High-Density Lipoprotein (HDL) Cholesterol Increased Plaque Stabilization in the Elderly - Article
Clinical Trial: High-Density Lipoprotein (HDL) Cholesterol Increased Plaque Stabilization in the Elderly
This study is currently recruiting patients.
Verified by National Institute on Aging (NIA) August 2005
| Drug: any statin |
|Phase III |
MedlinePlus related topics: Heart Diseases; Vascular Diseases
Study Type: Interventional
Study Design: Treatment, Randomized, Double-Blind, Placebo Control, Parallel Assignment, Efficacy Study
Official Title: HDL Increased Plaque Stabilization in the Elderly
Secondary Outcomes: Time to events, including cardiovascular and cerebrovascular events, myocardial revascularization as well as all cause and cardiovascular death
Expected Total Enrollment: 144
Study start: September 2003; Expected completion: May 2008
The hypothesis being tested is that the current standard lipid lowering therapy, combined with a 20 percent or greater increase in serum HDL induced by long-acting niacin, reduces plaque size in older individuals with cardiovascular disease. The specific aims of testing this hypothesis are:
- to determine the effects of statin plus placebo vs. statin plus niacin therapy on plaque size and composition,
- to determine whether alterations of inflammatory markers of atherosclerosis induced by lipid lowering therapy parallel alterations of plaque architecture and composition in older patients with cardiovascular disease,
- to determine the effects of these interventions on the incidence of cardiovascular and cerebrovascular events.
The results of the trial will be directly applicable to developing strategies for plaque stabilization in the elderly who suffer the most from the severe complications of advanced cardiovascular atherosclerosis.
A total of 144 participants aged 65 and older with cardiovascular or cerebrovascular disease will be recruited. Participants will be randomized to receive either statin plus niacin or statin plus a placebo for 18 months. Participants will be provided a prescription for fluvastatin 80 mg to be taken on a daily basis, or they may continue their ongoing or any other cholesterol-lowering drugs such as pravastatin 80 mg daily, simvastatin 20 mg daily, atorvastatin up to 20 mg daily or rosuvastatin up to 20 mg daily. Ten visits are expected, initially every 4 weeks for dose adjustment. Then visits will be every 6 months; MRI, Inflammatory Markers tests, and other lab tests will be done at baseline and the visits at months 6, 12, and 18.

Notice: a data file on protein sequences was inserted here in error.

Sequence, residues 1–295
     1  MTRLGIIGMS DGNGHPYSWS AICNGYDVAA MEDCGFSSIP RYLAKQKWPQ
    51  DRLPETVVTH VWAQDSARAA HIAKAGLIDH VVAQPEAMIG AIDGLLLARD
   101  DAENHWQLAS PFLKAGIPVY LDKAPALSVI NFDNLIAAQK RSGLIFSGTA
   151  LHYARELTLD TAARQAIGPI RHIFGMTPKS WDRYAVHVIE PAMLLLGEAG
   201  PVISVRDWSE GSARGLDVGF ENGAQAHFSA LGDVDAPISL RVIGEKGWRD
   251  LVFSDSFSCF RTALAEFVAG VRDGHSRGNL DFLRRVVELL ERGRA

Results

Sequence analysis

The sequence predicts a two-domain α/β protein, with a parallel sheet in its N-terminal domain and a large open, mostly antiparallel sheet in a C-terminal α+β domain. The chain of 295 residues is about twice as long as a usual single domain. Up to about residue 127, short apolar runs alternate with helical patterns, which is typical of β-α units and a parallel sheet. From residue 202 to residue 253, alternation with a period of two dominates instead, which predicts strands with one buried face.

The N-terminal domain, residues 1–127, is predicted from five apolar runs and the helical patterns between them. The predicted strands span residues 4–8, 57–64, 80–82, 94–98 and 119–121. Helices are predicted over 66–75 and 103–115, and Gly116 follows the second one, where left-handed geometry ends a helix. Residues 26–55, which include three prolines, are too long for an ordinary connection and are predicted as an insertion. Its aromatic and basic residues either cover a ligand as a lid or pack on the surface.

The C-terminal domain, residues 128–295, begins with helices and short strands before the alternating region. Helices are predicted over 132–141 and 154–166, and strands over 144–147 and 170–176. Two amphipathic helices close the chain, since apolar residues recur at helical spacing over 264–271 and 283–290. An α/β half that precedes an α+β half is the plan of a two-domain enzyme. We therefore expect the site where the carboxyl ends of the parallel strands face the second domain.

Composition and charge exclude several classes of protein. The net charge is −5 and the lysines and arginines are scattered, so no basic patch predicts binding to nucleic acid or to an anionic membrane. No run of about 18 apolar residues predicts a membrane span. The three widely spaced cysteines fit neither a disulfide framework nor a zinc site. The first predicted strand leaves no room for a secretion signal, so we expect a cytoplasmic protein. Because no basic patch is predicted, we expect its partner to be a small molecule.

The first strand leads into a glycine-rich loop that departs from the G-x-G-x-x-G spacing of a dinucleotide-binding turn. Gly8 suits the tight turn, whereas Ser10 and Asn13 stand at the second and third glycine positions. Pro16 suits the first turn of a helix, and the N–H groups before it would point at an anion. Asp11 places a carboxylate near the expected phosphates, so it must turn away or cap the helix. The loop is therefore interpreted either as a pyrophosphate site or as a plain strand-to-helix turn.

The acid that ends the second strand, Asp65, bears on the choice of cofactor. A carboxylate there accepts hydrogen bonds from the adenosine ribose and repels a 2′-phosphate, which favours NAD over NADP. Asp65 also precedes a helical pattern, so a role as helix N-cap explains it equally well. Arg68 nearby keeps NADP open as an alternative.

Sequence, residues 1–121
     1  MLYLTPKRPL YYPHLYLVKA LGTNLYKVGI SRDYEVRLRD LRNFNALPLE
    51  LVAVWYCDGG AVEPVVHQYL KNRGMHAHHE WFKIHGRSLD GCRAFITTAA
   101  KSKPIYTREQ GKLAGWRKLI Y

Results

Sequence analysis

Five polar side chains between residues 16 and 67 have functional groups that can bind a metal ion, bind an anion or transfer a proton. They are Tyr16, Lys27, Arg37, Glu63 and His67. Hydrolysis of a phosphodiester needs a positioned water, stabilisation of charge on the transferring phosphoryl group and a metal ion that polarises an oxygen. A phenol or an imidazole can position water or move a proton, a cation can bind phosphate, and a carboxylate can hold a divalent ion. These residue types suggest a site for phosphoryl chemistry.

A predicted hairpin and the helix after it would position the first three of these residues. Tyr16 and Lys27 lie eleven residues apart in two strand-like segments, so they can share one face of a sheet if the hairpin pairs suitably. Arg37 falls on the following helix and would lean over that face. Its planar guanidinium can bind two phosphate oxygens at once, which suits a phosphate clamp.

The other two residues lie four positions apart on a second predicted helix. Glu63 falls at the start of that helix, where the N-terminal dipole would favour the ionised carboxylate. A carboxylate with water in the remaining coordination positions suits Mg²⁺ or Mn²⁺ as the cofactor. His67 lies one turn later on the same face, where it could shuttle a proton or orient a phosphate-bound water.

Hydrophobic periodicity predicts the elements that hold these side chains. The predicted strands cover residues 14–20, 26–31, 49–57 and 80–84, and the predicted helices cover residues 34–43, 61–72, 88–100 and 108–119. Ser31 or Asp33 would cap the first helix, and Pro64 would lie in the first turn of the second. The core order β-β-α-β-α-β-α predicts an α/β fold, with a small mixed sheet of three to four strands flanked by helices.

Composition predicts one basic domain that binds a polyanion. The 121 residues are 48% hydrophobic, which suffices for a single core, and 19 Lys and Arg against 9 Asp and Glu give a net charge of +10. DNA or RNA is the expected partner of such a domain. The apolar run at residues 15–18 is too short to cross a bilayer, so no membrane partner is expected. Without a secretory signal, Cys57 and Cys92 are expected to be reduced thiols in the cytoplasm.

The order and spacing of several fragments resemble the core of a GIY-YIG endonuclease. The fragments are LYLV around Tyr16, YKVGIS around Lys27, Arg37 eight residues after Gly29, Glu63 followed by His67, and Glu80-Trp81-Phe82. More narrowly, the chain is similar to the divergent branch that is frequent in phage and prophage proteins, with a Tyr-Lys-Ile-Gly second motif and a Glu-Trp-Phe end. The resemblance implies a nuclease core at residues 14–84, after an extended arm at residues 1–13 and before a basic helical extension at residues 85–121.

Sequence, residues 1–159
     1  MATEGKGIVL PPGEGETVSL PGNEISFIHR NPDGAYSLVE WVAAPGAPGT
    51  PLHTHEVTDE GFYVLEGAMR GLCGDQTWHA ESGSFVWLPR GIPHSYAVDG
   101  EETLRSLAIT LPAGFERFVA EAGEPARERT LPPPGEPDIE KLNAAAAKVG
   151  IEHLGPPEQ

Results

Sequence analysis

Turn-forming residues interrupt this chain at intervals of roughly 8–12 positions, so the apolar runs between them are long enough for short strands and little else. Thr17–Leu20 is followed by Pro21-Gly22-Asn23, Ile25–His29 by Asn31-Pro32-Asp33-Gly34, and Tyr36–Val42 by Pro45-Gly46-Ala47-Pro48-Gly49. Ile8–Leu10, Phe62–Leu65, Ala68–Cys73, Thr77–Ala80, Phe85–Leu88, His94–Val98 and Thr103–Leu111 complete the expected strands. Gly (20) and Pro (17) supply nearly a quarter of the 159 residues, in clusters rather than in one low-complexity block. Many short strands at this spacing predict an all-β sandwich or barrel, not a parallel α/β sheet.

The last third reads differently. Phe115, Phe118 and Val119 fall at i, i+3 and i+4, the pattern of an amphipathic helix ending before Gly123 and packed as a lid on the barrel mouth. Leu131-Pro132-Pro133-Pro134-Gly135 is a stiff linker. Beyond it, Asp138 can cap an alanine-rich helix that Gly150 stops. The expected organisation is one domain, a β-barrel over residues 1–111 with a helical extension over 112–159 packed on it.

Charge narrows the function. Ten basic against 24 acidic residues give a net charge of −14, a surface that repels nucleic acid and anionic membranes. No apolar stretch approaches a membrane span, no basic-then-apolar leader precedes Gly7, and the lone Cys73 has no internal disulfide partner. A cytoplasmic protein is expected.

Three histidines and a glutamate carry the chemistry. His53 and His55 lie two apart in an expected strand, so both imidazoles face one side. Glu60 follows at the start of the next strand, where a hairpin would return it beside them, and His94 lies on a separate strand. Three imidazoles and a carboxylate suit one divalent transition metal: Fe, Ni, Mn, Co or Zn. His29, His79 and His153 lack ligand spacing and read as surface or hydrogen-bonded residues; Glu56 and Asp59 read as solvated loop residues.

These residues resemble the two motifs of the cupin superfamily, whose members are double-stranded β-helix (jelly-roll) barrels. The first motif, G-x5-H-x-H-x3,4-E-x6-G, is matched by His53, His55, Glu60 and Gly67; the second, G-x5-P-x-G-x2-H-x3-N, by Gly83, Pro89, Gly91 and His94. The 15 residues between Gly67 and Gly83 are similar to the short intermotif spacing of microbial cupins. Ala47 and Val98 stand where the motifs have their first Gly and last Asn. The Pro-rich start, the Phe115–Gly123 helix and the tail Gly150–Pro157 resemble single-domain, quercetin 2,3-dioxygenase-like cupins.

- Aged 65 or older
- Documented clinical cardiovascular or cerebrovascular disease due to atherosclerosis
- Candidate for lipid lowering therapy; no contraindication to fluvastatin, niacin or aspirin therapy
- Low-density lipoprotein (LDL) cholesterol below 150 mg/dl if untreated or below 125 mg/dl on statin monotherapy
- Willing to discontinue present therapy if private physician agrees with enrollment
- Eligible to undergo trans-esophageal magnetic resonance imaging (MRI); no contraindications to Gadolinium-DTPA, the contrast agent used
- Willing to sign Informed Consent
- Ineligibility for MRI procedure due to pacemaker, metal implants, or other ferromagnetic devices
- Previously documented esophageal disease which would preclude trans-esophageal MRI
- LDL-C greater than 150 mg/dl off lipid lowering therapy or daily statin therapy requiring doses greater than 20 mg of atorvastatin, 20 mg of simvastatin, 80 mg of lovastatin, 80 mg of pravastatin, 80 mg of extended release fluvastatin, or 20 mg of rosuvastatin
- Contraindication or allergy to statins or aspirin
- Current use of or known intolerance or allergy to Niaspan (a long-acting niacin)
- Allergy or intolerance to Gadolinium-DTPA (MRI contrast agent)
- Liver or kidney failure defined clinically and by laboratory data
- Mental, neurologic or social condition preventing understanding of the rationale, procedures, risks and potential benefits associated with the trial
Location and Contact Information
Johns Hopkins Unversity School of Medicine, Baltimore, Maryland, 21218, United States; Recruiting
Joao A.C. Lima, MD, MBA, Principal Investigator, Johns Hopkins University
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Ballantyne CM, Herd JA, Ferlic LL, Dunn JK, Farmer JA, Jones PH, Schein JR, Gotto AM Jr. Influence of low HDL on progression of coronary artery disease and response to fluvastatin therapy. Circulation. 1999 Feb 16;99(6):736-43.
Brown BG, Zhao XQ, Chait A, Fisher LD, Cheung MC, Morse JS, Dowdy AA, Marino EK, Bolson EL, Alaupovic P, Frohlich J, Albers JJ. Simvastatin and niacin, antioxidant vitamins, or the combination for the prevention of coronary disease. N Engl J Med. 2001 Nov 29;345(22):1583-92.
Last Updated: August 22, 2005
Record first received: August 3, 2005
ClinicalTrials.gov Identifier: NCT00127218
Health Authority: United States: Federal Government
ClinicalTrials.gov processed this record on 2005-08-23